Blue is my favorite. But Red is an extremely close second.
Per me il migliore della trilogia. Elegantissimo, praticamente perfetto tecnicamente: nei movimenti di macchina, nello studio per i particolari maniacale (ancora torna l'attenzione cromatica per il rosso, sempre presente sulla scena) e nella composizione del quadro. A tal proposito, magnifico il finale, nel quale vengono richiamati gli altri film e che si conclude con la stessa immagine della pubblicità. 4*
Whilst I find Blue a little too swept up in middle-class to seem universal (though I do wonder if that's something Kieslowski is trying to hint at with it), Red is a fantastic appraisal of a more universal essence of being. The characters backgrounds are as important and it expertly draws together fraternity and inter-connectedness in a non-sentimental but incredibly powerful and well-crafted way.
probably my favorite of the trilogy, Red is a multi-layered reflection on fate and human relations, and more than that, the film juggles with many universal themes: law vs justice, love, the parallels of individuals lives.. the performances are sublime, the musical score is lovely and the red color palate works wonders visually and psychologically
"I want nothing. Then just stop breathing." Passion is the finale. Lust and jealousy are close by. These are the more dramatic sides of love and make for the best movie. Here characters learn most. Vanity is the greatest deciever of beauty. Here love is farthest away from eternal. The sound is PHENOMENAL in all three of these films -maybe the best. Appropriate to have his confession take place in an orchestra pit.
The soundtrack: cars passing. Outside my window, the street replies, too. I'll miss the sound, like waves coming in and going, and the skids of bare feet on hot sun-dried sand. Some films are vehicles for reflection. Red let my mind wander free, to an understanding of the deepest reasons why I love cinema.
I'm not sure "better" should be part of the conversation when considering Blue and Red. Both films are equally as challenging and eagerly engrossing, so it really becomes all about what you like. & even though I love Juliette Binoche & the lush musical density of BLUE, the color and visual space of RED is the most riveting of any Kieslowski and Jacob's performance is a sight to behold.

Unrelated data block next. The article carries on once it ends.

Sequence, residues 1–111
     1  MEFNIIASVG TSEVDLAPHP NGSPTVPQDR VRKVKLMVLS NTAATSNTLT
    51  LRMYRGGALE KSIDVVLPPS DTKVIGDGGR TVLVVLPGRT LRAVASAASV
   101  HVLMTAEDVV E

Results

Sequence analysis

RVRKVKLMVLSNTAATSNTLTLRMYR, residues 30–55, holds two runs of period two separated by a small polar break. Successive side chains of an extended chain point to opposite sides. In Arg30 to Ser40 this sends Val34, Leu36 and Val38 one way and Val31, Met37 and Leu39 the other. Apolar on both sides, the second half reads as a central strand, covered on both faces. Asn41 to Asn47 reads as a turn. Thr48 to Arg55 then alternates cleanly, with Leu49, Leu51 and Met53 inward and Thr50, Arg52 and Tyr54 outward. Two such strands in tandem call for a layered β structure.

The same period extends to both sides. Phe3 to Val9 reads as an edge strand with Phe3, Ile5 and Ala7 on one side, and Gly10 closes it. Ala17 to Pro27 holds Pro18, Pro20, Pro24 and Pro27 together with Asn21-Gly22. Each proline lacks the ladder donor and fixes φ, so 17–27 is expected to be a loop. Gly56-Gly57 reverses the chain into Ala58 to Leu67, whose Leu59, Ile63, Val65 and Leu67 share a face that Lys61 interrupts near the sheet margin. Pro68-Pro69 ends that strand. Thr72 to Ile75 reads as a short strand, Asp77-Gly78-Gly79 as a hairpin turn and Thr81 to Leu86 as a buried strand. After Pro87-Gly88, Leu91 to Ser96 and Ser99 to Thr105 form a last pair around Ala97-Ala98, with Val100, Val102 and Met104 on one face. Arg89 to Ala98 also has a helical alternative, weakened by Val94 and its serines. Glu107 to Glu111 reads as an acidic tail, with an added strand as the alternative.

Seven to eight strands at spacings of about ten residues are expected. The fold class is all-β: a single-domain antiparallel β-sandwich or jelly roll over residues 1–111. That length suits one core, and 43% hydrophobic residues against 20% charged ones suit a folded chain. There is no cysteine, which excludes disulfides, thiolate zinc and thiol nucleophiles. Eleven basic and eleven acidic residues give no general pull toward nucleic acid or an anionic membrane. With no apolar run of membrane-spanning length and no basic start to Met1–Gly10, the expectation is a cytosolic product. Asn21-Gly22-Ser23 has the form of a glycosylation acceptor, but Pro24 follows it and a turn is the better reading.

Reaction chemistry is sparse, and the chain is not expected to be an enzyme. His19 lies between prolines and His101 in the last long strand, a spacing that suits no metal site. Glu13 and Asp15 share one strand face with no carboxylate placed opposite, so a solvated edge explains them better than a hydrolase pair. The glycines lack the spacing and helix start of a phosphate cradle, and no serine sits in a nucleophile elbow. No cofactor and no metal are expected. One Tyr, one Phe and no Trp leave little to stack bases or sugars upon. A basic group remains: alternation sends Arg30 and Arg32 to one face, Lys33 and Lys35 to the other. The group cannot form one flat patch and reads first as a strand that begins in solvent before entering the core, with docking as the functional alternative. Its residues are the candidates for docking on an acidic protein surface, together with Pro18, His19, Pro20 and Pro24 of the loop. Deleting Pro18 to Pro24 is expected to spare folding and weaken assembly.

Piotr Sobocinski's photography is not only beautiful to behold but thoroughly exquisite in richness and detail. Like masterful, painterly compositions, they imbue the film with a certain look and mystique. The quiet, intelligent conversations between Jean-Louis Trintignant and Irene Jacob are riveting. Zbigniew Presiner's score is beautifully dirge-like and ethereal. The best out of the Three Colors Trilogy.
This movie has the most intriguing plot explained in such vividly-red-themed settings that at times I was engrossed in the scenes, totally forgetting to read the subtitle. I also love the way the movie leaves room for different interpretations. It is a serious kinda movie but you just can't get bored. Your eyes are evoked with imagery, your mind with shrewd dialogues, and your heart with broken romance. A great film!
It's like the most beautifully shot Dickens' film (that isn't a Dickens' film). I wonder if the narrative's sometimes staggering reliance on coincidence (the trait that it shares with so much of Dickens' fiction) sometimes lessens what is otherwise poetic, artful, and affecting (especially visually affecting) about the film. Most enjoyed the scenes between Trintignant and Jacob.
Me gusta que esta película difiera con las clásicas historias de amor (porque al final eso fue), dista mucho de las películas cursi, este es una forma mas cruda y real de como se vive en una relación, y aparte hay una atmósfera que es común en las películas de Kieslowski, algo como etéreo que me agrada.
GEEZ! This is the film. I immediately fell in love and then two days later after seeing it, Criterion releases the whole trilogy. Perfection.
I am deeply, deeply moved and affected by these three films. I cannot say that I've ever had a cinematic experience quite like it. All three films are ethereal, mystical meditations unto themselves, but with the summation comes a colossal catharsis. Sadness doesn't even begin to describe the loss of Kieslowski. He left us with a bewitching human trilogy that will remain in my soul for years to come.
I’m not sure I completely grasped this film’s sprawling narrative and ambiguity, but I still sure enjoyed it a lot. Extremely intriguing, and quite a haunting work all-round. And of course, it’s not without Kieslowski’s usual, stunning sense of rhythm, sensuality and humanism.